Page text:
Women with high blood pressure should use caution with ‘the pill’

Women who have high blood pressure should use caution when taking birth control pills because the estrogen in oral contraceptives puts them at greater risk of developing blood clots and heart problems. High blood pressure affects about 74.5 million people in the United States age 20 and older.

High blood pressure is known as the silent killer because most often there are no symptoms. The symptoms that do occur include chest pain, confusion, ear noise or buzzing, irregular heartbeat, nosebleed, tiredness, and vision changes. Complications from high blood pressure include aortic dissection, blood vessel damage, brain damage, congestive heart failure, kidney damage, kidney failure, heart attack, hypertensive heart disease, stroke and vision loss.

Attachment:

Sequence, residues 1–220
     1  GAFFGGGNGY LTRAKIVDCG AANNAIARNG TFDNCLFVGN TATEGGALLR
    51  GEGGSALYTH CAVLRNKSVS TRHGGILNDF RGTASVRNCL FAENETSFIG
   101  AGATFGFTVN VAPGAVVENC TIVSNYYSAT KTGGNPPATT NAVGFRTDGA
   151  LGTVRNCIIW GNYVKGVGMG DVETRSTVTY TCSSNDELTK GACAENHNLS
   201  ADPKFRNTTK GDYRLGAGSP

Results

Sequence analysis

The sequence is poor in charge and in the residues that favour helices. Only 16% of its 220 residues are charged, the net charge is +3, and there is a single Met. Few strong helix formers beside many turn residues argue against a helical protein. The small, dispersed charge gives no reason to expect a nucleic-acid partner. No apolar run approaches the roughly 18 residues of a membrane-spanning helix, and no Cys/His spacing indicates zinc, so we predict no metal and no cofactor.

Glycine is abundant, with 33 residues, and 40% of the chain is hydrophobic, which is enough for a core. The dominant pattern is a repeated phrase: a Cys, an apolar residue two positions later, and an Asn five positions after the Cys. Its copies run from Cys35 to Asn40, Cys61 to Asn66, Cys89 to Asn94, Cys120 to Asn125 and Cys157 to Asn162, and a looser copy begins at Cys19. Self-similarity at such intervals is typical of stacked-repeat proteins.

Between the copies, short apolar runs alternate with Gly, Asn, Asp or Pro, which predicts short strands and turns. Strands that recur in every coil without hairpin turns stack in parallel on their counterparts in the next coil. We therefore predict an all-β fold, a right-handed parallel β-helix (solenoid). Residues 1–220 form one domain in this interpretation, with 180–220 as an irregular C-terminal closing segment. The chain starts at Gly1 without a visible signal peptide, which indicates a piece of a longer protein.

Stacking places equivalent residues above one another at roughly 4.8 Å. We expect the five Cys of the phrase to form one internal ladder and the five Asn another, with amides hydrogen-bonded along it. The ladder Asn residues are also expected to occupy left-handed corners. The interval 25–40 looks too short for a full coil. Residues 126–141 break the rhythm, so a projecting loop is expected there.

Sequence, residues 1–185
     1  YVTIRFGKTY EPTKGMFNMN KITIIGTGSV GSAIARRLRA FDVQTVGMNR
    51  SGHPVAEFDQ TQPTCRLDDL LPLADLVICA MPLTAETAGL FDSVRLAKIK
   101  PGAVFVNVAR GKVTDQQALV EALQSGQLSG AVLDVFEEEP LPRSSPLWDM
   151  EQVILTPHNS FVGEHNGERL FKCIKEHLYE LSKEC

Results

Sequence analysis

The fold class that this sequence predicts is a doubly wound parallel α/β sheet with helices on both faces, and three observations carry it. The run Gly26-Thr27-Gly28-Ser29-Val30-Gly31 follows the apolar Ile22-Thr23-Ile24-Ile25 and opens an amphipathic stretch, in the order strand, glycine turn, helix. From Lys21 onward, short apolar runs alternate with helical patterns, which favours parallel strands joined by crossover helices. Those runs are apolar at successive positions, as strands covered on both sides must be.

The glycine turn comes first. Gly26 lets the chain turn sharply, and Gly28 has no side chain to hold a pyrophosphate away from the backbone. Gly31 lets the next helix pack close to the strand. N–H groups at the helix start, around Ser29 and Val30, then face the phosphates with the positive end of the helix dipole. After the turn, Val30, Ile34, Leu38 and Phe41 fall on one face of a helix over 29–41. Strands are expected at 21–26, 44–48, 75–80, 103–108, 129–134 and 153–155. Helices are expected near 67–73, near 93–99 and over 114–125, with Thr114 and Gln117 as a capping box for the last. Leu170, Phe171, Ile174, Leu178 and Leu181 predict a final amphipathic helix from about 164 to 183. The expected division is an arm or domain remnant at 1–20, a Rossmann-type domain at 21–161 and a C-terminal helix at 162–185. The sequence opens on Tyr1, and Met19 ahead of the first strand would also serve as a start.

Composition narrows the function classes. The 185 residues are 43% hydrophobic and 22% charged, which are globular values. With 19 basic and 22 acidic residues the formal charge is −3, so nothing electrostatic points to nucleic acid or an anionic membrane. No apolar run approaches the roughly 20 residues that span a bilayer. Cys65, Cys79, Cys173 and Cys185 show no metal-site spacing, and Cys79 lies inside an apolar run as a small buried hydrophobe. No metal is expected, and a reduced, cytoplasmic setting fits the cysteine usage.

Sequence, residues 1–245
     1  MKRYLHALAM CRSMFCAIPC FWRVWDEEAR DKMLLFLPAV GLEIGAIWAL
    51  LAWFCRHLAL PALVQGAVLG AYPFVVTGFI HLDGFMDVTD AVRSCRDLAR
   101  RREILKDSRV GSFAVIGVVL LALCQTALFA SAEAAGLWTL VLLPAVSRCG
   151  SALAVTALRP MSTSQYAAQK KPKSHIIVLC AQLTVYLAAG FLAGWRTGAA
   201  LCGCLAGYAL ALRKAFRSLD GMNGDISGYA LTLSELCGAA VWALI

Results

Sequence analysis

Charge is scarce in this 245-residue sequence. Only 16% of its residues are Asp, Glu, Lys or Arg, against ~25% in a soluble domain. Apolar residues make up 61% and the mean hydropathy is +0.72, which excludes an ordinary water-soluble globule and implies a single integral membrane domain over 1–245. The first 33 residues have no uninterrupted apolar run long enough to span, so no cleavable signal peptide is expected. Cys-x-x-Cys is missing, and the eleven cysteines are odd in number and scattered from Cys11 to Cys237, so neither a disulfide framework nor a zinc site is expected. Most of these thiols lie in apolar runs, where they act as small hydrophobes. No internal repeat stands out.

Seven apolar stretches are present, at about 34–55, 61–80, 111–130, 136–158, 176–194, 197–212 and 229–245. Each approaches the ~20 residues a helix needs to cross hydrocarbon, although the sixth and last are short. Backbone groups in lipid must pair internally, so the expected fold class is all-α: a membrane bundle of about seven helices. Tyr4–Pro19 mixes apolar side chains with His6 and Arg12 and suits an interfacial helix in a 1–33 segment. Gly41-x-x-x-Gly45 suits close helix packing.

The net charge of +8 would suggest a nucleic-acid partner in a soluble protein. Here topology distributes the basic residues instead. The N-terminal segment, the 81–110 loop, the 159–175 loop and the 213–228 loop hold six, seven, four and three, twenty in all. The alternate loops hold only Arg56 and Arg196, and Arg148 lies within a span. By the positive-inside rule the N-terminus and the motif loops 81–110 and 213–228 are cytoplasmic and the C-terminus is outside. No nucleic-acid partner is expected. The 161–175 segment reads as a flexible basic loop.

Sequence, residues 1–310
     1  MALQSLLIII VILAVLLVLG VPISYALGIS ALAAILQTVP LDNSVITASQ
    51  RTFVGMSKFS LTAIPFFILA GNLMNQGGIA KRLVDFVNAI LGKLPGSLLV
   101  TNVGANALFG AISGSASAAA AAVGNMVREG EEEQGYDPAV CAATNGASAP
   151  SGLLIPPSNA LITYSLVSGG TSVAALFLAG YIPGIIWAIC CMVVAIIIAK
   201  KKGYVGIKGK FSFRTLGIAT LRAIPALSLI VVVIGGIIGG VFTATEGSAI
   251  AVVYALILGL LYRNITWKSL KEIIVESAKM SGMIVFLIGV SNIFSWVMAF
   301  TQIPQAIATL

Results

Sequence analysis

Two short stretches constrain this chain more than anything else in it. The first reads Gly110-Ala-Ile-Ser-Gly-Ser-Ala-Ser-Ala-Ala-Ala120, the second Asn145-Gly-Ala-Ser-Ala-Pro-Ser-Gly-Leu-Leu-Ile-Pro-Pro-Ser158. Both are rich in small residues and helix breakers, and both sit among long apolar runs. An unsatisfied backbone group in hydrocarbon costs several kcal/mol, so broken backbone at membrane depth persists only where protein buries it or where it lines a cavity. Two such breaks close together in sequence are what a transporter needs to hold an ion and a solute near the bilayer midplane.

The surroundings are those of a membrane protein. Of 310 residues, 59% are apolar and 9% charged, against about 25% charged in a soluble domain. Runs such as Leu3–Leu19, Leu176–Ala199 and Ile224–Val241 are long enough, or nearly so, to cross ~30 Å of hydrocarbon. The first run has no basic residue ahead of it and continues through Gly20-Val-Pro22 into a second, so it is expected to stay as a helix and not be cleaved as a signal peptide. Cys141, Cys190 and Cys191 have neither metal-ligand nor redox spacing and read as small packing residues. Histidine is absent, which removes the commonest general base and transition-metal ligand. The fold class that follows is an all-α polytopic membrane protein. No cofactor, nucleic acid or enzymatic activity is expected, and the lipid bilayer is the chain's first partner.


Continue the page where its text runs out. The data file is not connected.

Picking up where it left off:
There are many different medications that are used to treat high blood pressure. You can lower your risk by making lifestyle changes, including exercising, losing weight and following a healthier diet. You may also be advised to stop taking other medications, such as birth control pills.

Oral contraceptives can increase blood pressure and carry a slight risk of blood clots that can lead to heart attacks and strokes as well as other life-threatening problems. Recent studies suggest that some pills are more dangerous than others, such as the country’s most popular birth control pill, Yaz, also known as Yasmin and by the generic ocella. Bayer, the maker of Yaz and Yasmin, currently faces more than 1,100 lawsuits from women who say the pills caused them to suffer from blood clots, heart attacks, strokes, gallbladder damage and other serious health problems.